A pregnant woman
Heavily pregnant women can experience a lightning bolt feeling in their crotch. Jonas Kakaroto

In recent years, the taboo surrounding pregnant bodies has fallen away as bloggers such as Constance Hall air their brutally honest views about pregnancy and labour online.

Among the nasty surprises of prenancy that women are more open to speaking about is "lightning crotch". It is a topic that several parenting websites have discussed over the past few days and one that has been a growing search term on Google in recent years.

It earns its name from the sharp, shooting pain women feel in their vulval and vaginal area during the third trimester. The sensation is sometimes known as "dropping" or "lightening" as the baby settles lower in the pelvis towards the end of the pregnancy.

"It can take your breath away and be quite uncomfortable," Linda Bryceland, head of midwifery at Private Midwives, told IBTimes UK.

What causes it?

As the baby grows, it can put pressure on the nerves in the pelvic area. The feeling is quite normal, according to Bryceland.

"When baby changes position the pain eases off. Occasionally, it is caused by a stretching of your ligaments that hold your uterus in place," she said.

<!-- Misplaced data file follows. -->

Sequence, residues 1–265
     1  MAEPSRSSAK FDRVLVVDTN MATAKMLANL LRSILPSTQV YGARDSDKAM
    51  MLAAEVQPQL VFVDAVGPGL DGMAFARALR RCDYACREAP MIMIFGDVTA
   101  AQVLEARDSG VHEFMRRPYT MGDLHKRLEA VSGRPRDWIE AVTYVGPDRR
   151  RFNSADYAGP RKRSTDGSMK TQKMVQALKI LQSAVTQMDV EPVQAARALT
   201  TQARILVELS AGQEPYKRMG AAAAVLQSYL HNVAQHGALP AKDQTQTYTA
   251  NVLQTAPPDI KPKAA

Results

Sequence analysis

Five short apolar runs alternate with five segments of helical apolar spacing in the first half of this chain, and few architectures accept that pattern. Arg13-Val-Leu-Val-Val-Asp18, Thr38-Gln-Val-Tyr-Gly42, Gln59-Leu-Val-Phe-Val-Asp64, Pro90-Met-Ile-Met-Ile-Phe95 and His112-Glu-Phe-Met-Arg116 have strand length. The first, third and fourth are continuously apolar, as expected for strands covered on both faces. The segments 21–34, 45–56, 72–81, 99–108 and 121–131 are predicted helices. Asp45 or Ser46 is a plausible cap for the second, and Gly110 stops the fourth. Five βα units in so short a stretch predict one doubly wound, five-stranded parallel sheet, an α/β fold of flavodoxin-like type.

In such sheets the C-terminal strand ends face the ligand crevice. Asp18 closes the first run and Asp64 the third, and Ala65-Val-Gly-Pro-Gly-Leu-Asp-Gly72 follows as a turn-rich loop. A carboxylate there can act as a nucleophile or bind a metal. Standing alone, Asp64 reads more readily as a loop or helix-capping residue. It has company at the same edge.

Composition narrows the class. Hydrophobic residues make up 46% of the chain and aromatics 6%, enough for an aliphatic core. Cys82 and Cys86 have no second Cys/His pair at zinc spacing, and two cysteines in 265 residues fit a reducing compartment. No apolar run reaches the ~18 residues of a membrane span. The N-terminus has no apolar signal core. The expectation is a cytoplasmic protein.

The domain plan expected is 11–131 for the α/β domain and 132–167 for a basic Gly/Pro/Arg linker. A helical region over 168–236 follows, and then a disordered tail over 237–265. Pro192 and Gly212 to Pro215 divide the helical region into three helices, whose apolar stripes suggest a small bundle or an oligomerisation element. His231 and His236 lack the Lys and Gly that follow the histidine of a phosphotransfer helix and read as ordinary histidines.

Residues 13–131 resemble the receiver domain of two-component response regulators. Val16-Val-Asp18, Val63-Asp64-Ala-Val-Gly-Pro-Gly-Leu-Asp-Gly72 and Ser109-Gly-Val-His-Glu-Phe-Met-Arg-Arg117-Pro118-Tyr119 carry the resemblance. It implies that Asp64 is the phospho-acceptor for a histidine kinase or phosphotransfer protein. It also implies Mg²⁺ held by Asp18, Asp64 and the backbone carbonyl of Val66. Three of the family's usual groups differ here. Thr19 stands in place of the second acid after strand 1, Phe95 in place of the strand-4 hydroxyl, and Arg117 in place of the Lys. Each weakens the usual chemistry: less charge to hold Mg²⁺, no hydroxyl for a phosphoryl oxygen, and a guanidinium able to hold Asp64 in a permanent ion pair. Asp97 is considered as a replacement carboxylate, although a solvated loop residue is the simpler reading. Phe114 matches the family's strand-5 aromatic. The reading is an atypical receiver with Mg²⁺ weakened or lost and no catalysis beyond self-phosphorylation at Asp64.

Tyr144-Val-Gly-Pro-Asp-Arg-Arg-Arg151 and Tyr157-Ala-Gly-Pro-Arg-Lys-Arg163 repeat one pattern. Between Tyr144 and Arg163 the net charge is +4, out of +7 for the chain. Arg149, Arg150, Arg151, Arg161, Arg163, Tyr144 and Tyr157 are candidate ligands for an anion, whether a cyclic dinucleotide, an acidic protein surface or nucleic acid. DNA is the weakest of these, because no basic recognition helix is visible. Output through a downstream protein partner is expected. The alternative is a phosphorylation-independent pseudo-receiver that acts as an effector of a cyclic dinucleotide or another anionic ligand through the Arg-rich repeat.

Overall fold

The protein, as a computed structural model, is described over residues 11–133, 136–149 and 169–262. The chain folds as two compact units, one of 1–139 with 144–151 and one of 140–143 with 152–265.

"Sometimes the pains can signify that baby is moving lower into your pelvis ready for birth. This is fabulous news if you are at term but if you are less than 37 weeks pregnant you may want to get checked out by your midwife or doctor."

In rare cases, the pain could be a sign that something is wrong, warned Bryceland. "If you have any other symptoms such as passing urine more frequently, discomfort when you pee, change in vaginal discharge, feeling unwell or leaking any fluid from your vagina then you should see your midwife or a doctor."

Can it be treated?

Byrceland suggested techniques to prevent lightning crotch occurring in the first place. "Keeping active during pregnancy is a huge help," she said. "Pregnancy yoga can be particularly beneficial. Wearing supportive clothing and underwear will help a little too."

A magnesium deficiency, which is common during pregnancy, can make the pain more intense. Magnesium levels can be topped up with wholegrain foods, nuts and green leafy vegetables.

"If the pain is due to baby's position, then changing your position will also encourage baby to move," said Bryceland. "Try kneeling on your hands and knees with your shoulders lower than your pelvis and slowly rocking or rotating your pelvis. This will encourage baby to change position.

"You may also want to try lying down on the opposite side to the pain – so if the pain is more on the right, lie on the left for a few minutes."

Women who are struck by lightning crotch while they are out and about are advised to walk up stairs if possible.

"This rhythmical hip movement can help baby get in to a slightly different position and can be just enough to get them off that nerve," Bryceland explained.